The former Foreign Office minister, Baroness Sayeeda Warsi, has accused the Charity Commission of “disproportionately” focusing on Muslim charities in its investigatory work.
The Tory peer said during the annual Hinton lecture organised by the National Council for Voluntary Organisations that there was, “An increasingly disproportionate focus on Muslim charities during the tenure of William Shawcross as chair of the Charity Commission since 2012.”
She also criticised the government for not engaging properly with Muslims, and urged the charity sector to create more spaces for communities.
Warsi outlined how life had become increasingly difficult for Muslims in Britain.
She said coexistence was no longer enough and called for better connections between different communities.
Warsi said that William Shawcross’ appointment as chair of the regulator was part of the problem due to his “previous statements on Islam, Guantanamo, Israel/Palestine, the Iraq war and his association with the likes of the Henry Jackson Society”.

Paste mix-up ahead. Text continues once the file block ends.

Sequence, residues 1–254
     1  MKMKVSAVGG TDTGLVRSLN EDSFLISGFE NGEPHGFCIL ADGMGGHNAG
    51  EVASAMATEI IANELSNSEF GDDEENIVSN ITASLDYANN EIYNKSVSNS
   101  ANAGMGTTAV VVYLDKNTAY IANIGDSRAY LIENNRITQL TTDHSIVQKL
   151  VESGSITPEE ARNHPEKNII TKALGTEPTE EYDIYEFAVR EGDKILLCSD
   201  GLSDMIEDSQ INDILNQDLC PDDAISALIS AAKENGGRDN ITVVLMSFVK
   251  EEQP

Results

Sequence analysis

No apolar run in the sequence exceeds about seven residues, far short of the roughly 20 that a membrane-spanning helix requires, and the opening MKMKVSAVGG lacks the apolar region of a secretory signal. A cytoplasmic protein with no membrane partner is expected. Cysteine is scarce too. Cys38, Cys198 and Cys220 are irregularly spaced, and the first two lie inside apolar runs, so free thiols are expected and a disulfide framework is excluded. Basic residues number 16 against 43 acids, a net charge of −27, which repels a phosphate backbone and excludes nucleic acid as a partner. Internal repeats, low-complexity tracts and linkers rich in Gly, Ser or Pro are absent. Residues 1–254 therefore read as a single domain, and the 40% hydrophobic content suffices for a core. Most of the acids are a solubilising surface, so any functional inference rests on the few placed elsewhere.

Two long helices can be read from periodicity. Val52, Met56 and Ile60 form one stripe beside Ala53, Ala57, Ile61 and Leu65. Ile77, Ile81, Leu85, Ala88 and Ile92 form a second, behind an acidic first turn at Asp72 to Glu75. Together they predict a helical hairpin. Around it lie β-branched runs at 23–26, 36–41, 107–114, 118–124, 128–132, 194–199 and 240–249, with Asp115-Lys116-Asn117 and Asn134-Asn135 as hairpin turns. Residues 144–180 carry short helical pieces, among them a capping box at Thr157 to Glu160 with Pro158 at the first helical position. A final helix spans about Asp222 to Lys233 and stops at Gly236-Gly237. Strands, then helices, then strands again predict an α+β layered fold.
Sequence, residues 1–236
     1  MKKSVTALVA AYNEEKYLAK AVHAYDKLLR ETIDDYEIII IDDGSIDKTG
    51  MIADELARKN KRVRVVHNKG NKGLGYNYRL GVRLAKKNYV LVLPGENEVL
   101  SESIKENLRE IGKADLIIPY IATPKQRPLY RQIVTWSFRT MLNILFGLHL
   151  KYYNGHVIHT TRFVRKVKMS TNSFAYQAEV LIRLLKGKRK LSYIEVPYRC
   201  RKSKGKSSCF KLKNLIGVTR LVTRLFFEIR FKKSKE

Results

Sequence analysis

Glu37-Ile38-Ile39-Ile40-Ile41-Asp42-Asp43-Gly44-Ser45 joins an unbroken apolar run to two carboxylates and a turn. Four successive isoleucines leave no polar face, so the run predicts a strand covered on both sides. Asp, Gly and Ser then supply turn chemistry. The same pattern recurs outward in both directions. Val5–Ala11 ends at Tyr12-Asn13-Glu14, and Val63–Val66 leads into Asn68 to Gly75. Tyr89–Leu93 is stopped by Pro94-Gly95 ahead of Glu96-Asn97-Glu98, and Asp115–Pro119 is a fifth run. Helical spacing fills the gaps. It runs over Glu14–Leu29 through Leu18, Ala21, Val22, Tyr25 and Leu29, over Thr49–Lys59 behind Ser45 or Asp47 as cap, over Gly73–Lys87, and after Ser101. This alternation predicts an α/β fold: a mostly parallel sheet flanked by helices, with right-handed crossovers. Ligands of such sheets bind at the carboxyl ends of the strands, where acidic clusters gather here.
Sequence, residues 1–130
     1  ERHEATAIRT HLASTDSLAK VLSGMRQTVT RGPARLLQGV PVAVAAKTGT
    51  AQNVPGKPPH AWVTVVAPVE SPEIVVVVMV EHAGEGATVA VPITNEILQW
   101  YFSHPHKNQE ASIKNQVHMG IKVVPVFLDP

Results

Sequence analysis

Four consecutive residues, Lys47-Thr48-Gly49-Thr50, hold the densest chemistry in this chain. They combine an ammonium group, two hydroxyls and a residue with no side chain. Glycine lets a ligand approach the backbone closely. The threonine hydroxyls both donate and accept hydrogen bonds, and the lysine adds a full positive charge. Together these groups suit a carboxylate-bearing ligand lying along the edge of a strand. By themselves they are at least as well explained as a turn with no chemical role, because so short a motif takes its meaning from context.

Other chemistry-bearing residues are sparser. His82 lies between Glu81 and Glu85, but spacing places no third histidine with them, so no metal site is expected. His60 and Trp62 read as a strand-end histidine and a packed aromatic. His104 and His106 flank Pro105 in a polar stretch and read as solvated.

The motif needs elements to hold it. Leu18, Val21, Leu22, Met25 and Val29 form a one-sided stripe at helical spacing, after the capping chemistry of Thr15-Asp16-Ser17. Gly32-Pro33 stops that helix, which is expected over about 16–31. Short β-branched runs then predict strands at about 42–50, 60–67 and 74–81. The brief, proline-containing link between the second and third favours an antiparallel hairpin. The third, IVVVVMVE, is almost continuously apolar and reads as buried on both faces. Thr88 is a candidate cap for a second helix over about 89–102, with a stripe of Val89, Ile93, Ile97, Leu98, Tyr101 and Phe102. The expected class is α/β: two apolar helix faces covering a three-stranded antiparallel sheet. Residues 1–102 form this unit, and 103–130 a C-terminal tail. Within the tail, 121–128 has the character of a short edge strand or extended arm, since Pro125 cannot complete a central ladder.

She said: “His statement on the risks of donor money leaking out to support terrorism led to a community under scrutiny despite there being no evidence of this charge, as Tom Keatinge said as part of a Demos report in 2014.”
Warsi added that even though Muslims are “among the most generous” there had been a “disproportionate number of Muslim charities in recent years” that had been subject to Commission inquiries.
She said there had been an increase in the number of allegations relating to terrorist abuse of charities, many of which were Muslim, and that this was a “disproportionate increase in allegations when number of Muslim charities has remained more or less the same”.
However, Warsi stated that experts agree that “extremist abuse of the charity sector has and remains negligible”.
She described the Charity Commission had used “what a Cabinet colleague called the Al Capone method of policing”.
“I call it McCarthyism.” She thanked Sir Stephen Bubb, former chief executive of the Charity Commission, for his support of the Muslim charity sector and being a “tremendous friend to Muslim charities”.